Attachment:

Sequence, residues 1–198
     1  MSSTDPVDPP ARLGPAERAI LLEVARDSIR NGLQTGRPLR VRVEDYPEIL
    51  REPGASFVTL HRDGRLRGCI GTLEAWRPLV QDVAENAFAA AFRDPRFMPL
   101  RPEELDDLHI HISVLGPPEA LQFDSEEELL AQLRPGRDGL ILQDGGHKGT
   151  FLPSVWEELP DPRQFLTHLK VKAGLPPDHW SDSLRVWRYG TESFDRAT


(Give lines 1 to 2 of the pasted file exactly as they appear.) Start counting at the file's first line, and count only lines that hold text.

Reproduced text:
Sequence, residues 1–198
     1  MSSTDPVDPP ARLGPAERAI LLEVARDSIR NGLQTGRPLR VRVEDYPEIL